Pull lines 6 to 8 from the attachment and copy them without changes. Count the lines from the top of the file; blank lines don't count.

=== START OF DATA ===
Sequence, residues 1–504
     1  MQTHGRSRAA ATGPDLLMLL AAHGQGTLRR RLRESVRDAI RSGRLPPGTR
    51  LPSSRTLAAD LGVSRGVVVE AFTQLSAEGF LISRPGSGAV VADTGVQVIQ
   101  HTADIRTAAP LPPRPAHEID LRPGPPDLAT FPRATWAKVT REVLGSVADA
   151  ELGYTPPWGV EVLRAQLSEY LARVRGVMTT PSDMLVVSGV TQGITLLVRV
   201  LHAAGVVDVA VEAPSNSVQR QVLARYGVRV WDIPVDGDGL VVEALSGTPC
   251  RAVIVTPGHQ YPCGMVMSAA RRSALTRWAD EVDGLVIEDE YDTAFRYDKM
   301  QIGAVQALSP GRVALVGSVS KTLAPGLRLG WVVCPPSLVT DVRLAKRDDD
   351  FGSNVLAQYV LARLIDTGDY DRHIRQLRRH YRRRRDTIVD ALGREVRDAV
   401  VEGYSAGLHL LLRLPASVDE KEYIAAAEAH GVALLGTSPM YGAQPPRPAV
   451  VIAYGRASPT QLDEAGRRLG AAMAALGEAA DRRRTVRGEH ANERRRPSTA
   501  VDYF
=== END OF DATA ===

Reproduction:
   201  LHAAGVVDVA VEAPSNSVQR QVLARYGVRV WDIPVDGDGL VVEALSGTPC
   251  RAVIVTPGHQ YPCGMVMSAA RRSALTRWAD EVDGLVIEDE YDTAFRYDKM
   301  QIGAVQALSP GRVALVGSVS KTLAPGLRLG WVVCPPSLVT DVRLAKRDDD